HOW TO SELL FACE-TO-FACE: SURVIVAL GUIDE, a to-the-point sales how-to handbook, based largely on a consultative selling approach, especially for people getting
started in face-to-face sales, or marketing their skills or services as consultants, free-agents, career-changers,
or in new business start-ups. 6x9, 125 pages. ISBN:
Available in both paper ($9.95) and e-book ($2.99) versions via Amazon. (A free Kindle reader is available at the Amazon site. Also, it can be read on other types of readers, including iPad, IPhone, and Blackberries via free Apps that are available from this Amazon site.)
The five-step model approach in responding to objections and questions: Explore, Listen Well, Restate (if appropriate), Respond, then Move on.
1. Explore. Ask questions to get the person talking about what they really mean by the objection, and why it's important to them. (Why do you feel that way? will do if nothing better comes to mind.)
2. Listen well to their response. You may have heard this objection a dozen times already this week, but this person may put a different twist on it. Don't be too quick in cutting off the Prospect's response in order to interject your response. The more you know about the Prospect's needs and mindset the better you can target your response. Sometimes, the Prospect will actually respond to her own concern, and say something like, Never mind, I think I've answered myself. That's really not so important, after all.
3. Restate, if appropriate. In many cases, it can be helpful to both yourself and the Prospect to paraphrase your understanding of the core of the Prospect's response. For one thing, it forces you to listen closely, so you can restate it clearly. Second, it forces the Prospect to listen to you in turn, to ensure that your restatement is accurate. Further, in some cases, by restating, you may be able to defuse, or take the edge off, the customer's concern. 4. Respond to what they have actually said. There may be a deeper meaning behind the objection, so focus on that. Example
“You say that your firm has already tried using consultants, and isn't interested. But I'm picking up a deeper message that your dissatisfaction was with the work of one particular consulting firm that didn't work out for you. I'd like to explain how . . .”
5. Move on from there; don't get bogged down in your response. Respond to the objection, then go on with your sales call.
If you say too much in response to an objection, you may blow it up into something larger and more significant than the Prospect originally had in mind. If you bog down on it, repeating and elaborating your reaction, the Prospect will think this really must be a major concern, and take that as a reason not to buy.
Conversely, if you treat the objection as a small issue not very important, you are send the subliminal message is that it is just that— minor, not a significant concern, not an issue that could possibly stop the sale.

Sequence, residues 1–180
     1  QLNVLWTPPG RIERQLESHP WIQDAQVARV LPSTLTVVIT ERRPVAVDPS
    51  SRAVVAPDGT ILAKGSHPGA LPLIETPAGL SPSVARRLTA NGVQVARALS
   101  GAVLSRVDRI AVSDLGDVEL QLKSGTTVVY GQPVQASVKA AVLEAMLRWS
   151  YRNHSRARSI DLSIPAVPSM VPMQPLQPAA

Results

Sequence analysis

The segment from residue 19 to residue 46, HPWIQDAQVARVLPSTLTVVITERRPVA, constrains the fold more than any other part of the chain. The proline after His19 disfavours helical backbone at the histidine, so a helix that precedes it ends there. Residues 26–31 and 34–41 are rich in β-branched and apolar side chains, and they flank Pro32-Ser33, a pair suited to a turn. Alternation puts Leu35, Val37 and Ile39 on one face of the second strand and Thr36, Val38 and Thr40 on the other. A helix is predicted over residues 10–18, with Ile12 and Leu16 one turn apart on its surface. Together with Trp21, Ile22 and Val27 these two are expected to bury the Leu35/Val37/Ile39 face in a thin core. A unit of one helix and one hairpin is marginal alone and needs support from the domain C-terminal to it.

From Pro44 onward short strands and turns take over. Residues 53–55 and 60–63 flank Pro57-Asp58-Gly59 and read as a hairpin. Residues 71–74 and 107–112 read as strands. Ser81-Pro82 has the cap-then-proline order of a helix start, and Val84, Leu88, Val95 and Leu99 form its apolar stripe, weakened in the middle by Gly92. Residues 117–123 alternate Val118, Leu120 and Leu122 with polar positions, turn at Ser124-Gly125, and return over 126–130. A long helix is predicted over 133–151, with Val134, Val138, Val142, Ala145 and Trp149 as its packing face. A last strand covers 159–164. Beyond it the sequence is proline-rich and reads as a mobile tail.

Some questions and objections are so easy that you can safely respond to them
quickly and directly, and move on.
For our meaning here, that kind of "easy" question or objection is in an area
in which your product or service is strong, or that raise issues that you can
handle quickly without raising secondary concerns.
For example, if the objection relates to a misunderstanding on price that you
can set right by pointing to a catalog, do that and move on:
"The answer is yes, we do guarantee our installations for three years, the
longest in the industry, according to this survey in Industry Times which I'll
leave with you. Now, moving on to the issue of . . ."
You’ll find here free sales training articles and tutorials, checklists and sales tips, as well as links to our sales training books --- all focused on Selling Face to Face.
The free sales training articles and tutorials here are adapted from the courses and workshops I developed on contract for the “sales universities” of world-class marketing companies such as Xerox in the United States and abroad, Kodak, Motorola, Sylvania, Bank of America, and others . . . as filtered through my own experience in marketing consulting services.
The aim is to provide practical sales training across the spectrum from beginners (starting up new businesses, or making career changes) to experienced sales people looking for fresh approaches, or hoping to gain the kind of professional selling skills they would have developed as attendees in big company sales training programs.
In the free sales training articles here, and in the related books, we cover topics including,
Finding and getting through to sales prospects
Telephone etiquette in getting past screens
Sales cold calling: when, when not, and how
Consultative selling— selling by asking smart questions
Helping sales prospects become more aware of the value of filling needs
Ways of closing sales
Handling objections, questions, and hesitations.
The how-to of Sales presentations and demonstrations
25 tutorials, plus checklists and worksheets. A larger, more detailed how-to guide that covers all aspects from defining the product in terms that will click with prospects' needs; through finding and getting through to key prospects with buying authority; using a consultative selling approach to develop awareness of needs; closing for the order; responding to objections and questions; when and how to provide proof such as demonstrations, formal presentations, and free trials.
Designed for use both individually as well as in classroom/ sales team settings. An accompanying Sales Manager/Instructor Guide will be available soon.